British historian Earle (The Sack of Panama: Captain Morgan and the Battle for the Caribbean, 2007, etc.) delves into the late-17th-century surge in treasure hunting and the diving technology that accompanied it.
Shipwrecks were all too common in this age of primitive navigation, when vessels frequently collided with reefs, rocks or the coast. Scavengers focused particularly on the routes traversed by riches-laden Spanish galleons as they sailed from the Americas to the mother country. British strongholds Jamaica and Bermuda were the sites of such fantastic Spanish shipwrecks as the Maravillas and the Concepción. The latter, reported to be carrying four million pesos worth of treasure when it sank off the Bahamas, was unearthed in a spectacular 1683 salvage by Boston sea captain William Phips (under permission of the British crown). Unearthed after only two days of searching by four divers, the find made Phips rich and famous. It sparked an epidemic of treasure fever, in particular among those hoping to find Spanish silver in the wrecks from the 1588 Armada off the coast of Ireland. Earle chronicles many of these mostly failed endeavors, including quixotic schemes by Thomas Neale, Richard Long and Collin Hunter, as well as the various attempts to repossess scattered treasure from the fleet of Spanish galleons wrecked in Vigo Bay. Among the numerous innovations in diving equipment that also fueled treasure-seeking mania in the last decade of the 17th century were the diving tub, the sea crab, the diving bell invented by astronomer Edmond Halley and the pump system fashioned by the Braithwaite family. However, Earle’s focus is limited; except for brief mentions of Jules Verne’s work and the recovered logbooks of William Evans, he largely ignores the rich tradition in literature and the arts sparked by treasure hunters.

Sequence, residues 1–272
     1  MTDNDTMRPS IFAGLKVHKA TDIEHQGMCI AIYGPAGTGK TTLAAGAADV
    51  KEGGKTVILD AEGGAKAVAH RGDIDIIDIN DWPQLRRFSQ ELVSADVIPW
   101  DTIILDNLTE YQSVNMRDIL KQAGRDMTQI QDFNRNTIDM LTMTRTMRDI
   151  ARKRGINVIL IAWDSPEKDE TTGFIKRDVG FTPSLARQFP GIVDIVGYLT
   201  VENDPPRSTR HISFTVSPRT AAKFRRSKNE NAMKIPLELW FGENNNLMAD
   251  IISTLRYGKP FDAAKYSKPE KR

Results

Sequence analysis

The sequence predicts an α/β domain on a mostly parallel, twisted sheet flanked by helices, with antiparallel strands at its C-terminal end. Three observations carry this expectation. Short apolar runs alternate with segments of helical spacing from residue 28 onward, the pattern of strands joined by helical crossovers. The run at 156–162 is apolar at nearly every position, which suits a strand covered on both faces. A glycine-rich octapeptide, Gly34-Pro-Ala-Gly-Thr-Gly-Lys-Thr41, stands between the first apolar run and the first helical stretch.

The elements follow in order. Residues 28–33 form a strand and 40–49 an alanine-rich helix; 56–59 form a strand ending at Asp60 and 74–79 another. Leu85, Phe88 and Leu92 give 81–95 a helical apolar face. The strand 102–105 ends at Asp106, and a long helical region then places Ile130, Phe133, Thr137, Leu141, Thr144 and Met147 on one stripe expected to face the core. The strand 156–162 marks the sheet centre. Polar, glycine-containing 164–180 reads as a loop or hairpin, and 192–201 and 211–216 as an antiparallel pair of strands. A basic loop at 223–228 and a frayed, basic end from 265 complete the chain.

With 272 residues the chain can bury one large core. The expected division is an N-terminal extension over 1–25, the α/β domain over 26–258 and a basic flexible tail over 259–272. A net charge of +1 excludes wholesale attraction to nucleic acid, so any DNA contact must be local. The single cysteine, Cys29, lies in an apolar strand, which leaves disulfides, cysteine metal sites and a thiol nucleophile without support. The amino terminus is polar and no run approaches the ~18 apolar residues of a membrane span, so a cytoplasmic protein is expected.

Thorough, but too restricted in scope to appeal to general readers.